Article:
1. My parents were both foodies. My dad (now deceased) was Persian and would eat anything and everything. He just wasn't afraid of food. My mom has been involved in the restaurant business her whole life and most recently owned a gourmet biscotti company. She is an amazing cook. I don't like things too crazy, but I'll try mostly anything. My brother, on the other hand, was the kid who would only eat McDonald's. We ate out 4-5 times a week, but he would be the kid at the Korean place eating just rice and chicken. He's 29, and a little better now, but I'm sure that fast food wrappers still line his apartment.

            1. Probably got most of it from my father, who traveled all over the world on business and would bring home "ideas" of meals he had while traveling, which he'd then experiment trying to make himself. I get the "open the cabinets and combine flavors" cooking method from him, whereas Mom was more a by-the-cookbook type of cook until she got comfortable with a particular recipe and it became second nature. Mom likes good food, but she didn't much like cooking it (even less so now that she's in a retirement community, and her taste buds have been increasingly less able to taste as she gets older). She abdicated the preparation of things to me as soon as I showed interest in cooking.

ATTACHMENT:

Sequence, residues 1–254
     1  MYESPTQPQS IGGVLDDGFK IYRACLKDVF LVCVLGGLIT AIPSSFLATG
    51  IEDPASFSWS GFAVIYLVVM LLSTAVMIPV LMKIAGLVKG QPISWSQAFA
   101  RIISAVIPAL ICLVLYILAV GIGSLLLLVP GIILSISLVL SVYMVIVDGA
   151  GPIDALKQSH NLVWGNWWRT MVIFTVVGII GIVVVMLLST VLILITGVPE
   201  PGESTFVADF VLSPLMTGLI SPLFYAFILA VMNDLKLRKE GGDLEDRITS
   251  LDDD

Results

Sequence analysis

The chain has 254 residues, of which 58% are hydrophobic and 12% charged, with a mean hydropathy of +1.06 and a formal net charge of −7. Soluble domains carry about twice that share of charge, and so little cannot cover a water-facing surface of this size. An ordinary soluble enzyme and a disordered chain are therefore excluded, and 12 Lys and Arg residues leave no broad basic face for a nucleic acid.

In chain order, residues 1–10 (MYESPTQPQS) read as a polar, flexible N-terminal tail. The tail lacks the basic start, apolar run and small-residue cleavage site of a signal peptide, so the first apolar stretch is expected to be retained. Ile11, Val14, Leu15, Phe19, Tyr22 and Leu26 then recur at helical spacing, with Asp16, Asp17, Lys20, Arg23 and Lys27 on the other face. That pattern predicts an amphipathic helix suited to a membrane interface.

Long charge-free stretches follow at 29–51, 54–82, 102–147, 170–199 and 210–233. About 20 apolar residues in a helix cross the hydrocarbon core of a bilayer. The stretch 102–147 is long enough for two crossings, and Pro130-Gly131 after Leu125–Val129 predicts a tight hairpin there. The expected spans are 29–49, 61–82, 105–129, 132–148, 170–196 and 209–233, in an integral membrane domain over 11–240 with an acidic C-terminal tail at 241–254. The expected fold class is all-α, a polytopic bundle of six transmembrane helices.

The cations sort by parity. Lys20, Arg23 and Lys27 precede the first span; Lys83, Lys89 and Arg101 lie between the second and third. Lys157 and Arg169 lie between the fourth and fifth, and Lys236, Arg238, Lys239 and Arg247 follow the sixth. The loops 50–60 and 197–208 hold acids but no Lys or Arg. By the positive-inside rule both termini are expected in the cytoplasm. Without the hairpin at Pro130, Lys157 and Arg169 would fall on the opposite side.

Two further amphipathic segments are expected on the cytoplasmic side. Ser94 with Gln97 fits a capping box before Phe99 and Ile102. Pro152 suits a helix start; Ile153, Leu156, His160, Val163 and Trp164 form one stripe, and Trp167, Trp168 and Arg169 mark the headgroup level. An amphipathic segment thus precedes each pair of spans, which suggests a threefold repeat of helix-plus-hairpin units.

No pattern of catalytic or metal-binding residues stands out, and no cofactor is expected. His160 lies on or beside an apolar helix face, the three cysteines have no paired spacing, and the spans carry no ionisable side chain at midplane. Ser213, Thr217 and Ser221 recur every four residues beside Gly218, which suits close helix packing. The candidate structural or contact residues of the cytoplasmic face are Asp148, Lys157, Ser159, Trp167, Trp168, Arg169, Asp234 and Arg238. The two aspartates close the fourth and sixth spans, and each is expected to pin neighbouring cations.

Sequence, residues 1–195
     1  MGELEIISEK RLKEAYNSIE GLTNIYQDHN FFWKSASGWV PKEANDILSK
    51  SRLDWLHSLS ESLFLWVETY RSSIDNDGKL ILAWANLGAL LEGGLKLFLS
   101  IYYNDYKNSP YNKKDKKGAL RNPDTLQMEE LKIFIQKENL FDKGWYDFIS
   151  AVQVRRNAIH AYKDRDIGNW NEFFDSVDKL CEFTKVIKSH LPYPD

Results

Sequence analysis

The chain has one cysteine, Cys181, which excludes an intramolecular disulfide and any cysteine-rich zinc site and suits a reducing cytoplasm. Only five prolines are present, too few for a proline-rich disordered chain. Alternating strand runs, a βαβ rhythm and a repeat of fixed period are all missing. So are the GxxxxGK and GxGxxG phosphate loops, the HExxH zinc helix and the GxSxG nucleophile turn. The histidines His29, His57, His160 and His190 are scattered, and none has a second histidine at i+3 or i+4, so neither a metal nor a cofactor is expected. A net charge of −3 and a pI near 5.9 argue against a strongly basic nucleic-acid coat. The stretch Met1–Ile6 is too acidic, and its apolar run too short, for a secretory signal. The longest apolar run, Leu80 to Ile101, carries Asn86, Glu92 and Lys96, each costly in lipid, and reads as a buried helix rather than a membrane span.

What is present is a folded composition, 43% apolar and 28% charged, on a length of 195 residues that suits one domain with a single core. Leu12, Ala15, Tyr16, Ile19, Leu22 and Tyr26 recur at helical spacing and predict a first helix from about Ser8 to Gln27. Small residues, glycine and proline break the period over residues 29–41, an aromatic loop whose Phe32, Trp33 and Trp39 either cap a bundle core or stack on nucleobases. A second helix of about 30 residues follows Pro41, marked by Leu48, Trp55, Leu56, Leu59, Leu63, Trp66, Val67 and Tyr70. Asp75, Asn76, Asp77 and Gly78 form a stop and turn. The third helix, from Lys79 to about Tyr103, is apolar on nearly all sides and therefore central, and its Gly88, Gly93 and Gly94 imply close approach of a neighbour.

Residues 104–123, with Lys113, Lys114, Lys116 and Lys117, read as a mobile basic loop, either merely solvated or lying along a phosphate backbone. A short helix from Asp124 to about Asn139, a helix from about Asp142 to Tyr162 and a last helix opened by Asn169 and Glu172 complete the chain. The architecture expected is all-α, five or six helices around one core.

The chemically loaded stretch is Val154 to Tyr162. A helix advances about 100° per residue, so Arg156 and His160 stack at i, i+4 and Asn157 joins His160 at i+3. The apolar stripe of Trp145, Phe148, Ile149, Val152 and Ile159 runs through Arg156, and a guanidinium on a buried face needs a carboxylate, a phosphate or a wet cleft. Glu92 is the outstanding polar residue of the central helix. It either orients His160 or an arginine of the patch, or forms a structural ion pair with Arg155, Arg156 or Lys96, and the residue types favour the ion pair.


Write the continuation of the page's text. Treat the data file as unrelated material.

1. I grew up with a real mix of influences. Three extremes. My mom used to bake a lot and has a few specialties up her sleeve, but she tends to stick with what recipe/themes she knows. My grandma was a fantastic cook. Before she got sick she loved to cook, but always had to do it on a tight budget. She never measured anything, and always improvised. My aunt, on the other hand, is a total foodie, and she refuses to cook anything without the best, gourmet, and/or organic ingredients. So, I guess I fall somewhere in between. I sometimes cook more out of necessity than desire, but I do enjoy cooking, and I love good food, and buy the best available ingredients when I can afford to. But I still know how to concoct a tasty meal with very little money when I have to! And I love to improvise, and try cuisine from all over the world.